Professional Development Course on Catering for Diversity
in English Language Teaching
ENG5316
Assessing Diversity in English Language Learning
Session 4
Assessing spelling, handwriting and
written expression
Prepared by YANG, Chi Cheung Ruby,
Department of English, HKIEd
Nature of Written Language
 Written language involves the linking of language,
thought and motor skills.
2
Learner Factors that Influence Reading
and/or Writing Performance
 Prior content knowledge
 Attitudes and motivation
 Acquisition of language competence
 Physical development
 Attention, perception, and memory
(Lipson & Wixson, 2009)
3
Written Language Assessment
 Work Sample Analysis
It involves reviewing students’ classwork and
homework.
It is useful to:
analyze work samples from different subject areas
compare the student’s work samples from earlier in
the school year with the current samples in order to
note progress (or regression) (Spinelli, 2006)
4
Written Language Assessment
 Observation
Observations should be made when the student is:
copying from texts on the desk
copying from the board
writing compositions
Areas of focus:
Posture
Handedness
Grip of the writing instrument
Quality and speed of writing
5
Written Language Assessment
Checklist for
Observing
Writing Habits
6
Written Expression Assessment
7
 Written Expression Error Analysis
Teacher can select from various writing samples,
including in-class and homework assignments.
Identify the types and patterns of the errors
7
Written Expression Assessment
 Diagnostic Inventory
A comprehensive inventory that assesses the student’s
written language skills in specific areas (Spinelli, 2006).
8
Diagnostic Inventory
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10
10
Spelling Assessment
 Spelling Error Analysis
Types of spelling errors:
Letter additions
Letter omissions
Letter substitutions
Letter reversals
Letter transpositions
11
Task 1
 Based on the writing sample provided, try to identify the
types of spelling errors made by the student.
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13
Spelling Assessment
 Spelling Demons
14
Spelling Assessment
 Spelling Demons
Certain words are commonly misspelled by general
population.
The 100 commonly misspelled words are known as
spelling “demons”.
15
Spelling Assessment
 Dictated Spelling Tests
Words selected from any graded word list and students’
performance indicates their spelling grade level.
Instructional level:
75-90% accuracy
16
Spelling Assessment
 Informal Spelling Inventory
It is used to determine the approximate grade-level
proficiency for spelling words (in isolation).
Teachers can construct their own informal spelling
inventory (of about 20 words).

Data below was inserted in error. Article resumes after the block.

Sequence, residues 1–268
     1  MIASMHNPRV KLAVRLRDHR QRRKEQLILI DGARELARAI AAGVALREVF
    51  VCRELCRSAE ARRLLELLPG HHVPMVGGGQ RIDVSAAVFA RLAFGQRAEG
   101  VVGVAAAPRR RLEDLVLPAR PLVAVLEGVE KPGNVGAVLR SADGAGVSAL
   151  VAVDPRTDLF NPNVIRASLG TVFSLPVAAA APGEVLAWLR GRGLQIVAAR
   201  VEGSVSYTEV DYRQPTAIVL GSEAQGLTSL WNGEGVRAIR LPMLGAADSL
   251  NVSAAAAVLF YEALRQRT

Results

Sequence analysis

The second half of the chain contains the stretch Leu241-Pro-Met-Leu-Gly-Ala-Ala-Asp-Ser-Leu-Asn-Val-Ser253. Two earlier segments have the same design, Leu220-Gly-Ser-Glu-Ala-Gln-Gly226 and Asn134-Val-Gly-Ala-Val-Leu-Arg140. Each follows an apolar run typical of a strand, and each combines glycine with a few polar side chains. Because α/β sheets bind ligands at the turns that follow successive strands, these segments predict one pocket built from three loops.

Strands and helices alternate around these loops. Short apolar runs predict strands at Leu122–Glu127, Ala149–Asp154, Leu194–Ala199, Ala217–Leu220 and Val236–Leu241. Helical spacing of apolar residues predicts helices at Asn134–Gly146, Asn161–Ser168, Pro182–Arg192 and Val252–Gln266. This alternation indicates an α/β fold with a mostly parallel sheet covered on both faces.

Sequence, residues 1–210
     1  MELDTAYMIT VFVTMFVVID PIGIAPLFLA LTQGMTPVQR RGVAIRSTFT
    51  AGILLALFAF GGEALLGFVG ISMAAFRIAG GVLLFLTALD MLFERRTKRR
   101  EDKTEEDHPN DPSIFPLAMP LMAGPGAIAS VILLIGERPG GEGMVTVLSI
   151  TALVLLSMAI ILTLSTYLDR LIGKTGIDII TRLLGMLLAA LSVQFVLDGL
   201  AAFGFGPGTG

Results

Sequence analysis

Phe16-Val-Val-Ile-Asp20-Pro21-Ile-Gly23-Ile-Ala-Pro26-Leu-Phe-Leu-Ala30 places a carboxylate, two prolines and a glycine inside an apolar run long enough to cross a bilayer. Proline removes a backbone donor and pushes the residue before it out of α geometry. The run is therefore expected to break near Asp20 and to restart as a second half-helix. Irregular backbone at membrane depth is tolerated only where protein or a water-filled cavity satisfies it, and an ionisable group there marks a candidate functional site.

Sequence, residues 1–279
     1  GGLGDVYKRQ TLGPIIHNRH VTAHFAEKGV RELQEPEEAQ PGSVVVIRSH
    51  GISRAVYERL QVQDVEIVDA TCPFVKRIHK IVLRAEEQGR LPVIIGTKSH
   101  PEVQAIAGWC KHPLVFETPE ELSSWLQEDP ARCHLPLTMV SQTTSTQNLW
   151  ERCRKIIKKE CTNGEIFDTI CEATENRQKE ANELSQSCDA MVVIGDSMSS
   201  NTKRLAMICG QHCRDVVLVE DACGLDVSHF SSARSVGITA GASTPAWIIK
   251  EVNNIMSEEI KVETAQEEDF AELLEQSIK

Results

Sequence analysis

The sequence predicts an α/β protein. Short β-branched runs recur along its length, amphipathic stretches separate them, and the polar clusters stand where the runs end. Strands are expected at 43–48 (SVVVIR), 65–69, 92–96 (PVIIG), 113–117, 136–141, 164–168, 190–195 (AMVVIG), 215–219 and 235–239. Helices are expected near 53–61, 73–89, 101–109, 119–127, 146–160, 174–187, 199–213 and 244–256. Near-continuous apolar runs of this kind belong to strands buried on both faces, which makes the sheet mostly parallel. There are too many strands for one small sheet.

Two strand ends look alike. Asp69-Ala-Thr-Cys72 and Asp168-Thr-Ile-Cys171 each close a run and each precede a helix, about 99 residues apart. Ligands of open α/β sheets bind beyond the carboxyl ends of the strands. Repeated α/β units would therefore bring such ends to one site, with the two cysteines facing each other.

The list of words is dictated to the student.
Adequate mastery:
90-100% correct
Instructional level:
75-89% correct
17
Spelling Assessment
 Diagnostic Spelling
Inventory
It can help to
determine which
specific skills need
further evaluation.
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Spelling Flow List
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Spelling Flow List
 To administer fewer words and closely monitor progress
toward mastery, teacher selects several key words and
assesses them three days in a row.
 If the word is spelled correctly three days in a row,
proficiency is assumed.
 To check long-term mastery, the teacher dictates the
word again one week later.
 Once mastery is achieved, more words will be added to
the spelling mastery list (Spinelli, 2006).
20
Phonemic Awareness Spelling Assessment
 To determine whether students have phonemic
awareness, the teacher asks them to spell words that
they do not already know.
 Because they have not learned to spell these words, they
must rely on invented spelling (Spinelli, 2006).
21
Administering the Phonemic Awareness
Assessment
 Teacher calls out each word at least twice (or as many
times as the student requests).
 The teacher tells the student to spell each word as best
he/she can, writing each sound he/she hear in the
words.
 Then compare the number of letters written to the
phonemes in the word.
22
Interpretation for the Phonemic Awareness
Assessment
 Students who consistently write three or four letters:
Have some ability to segment phonemes
 Students who write only one or two reasonable letters
per word:
Beginning to segment phonemes
 Students who write nothing / string together letters
indiscriminately:
Have not learned to segment phonemes
23
Handwriting Assessment
 Prerequisite skills for handwriting:
Muscular control
Eye-hand coordination
Visual discrimination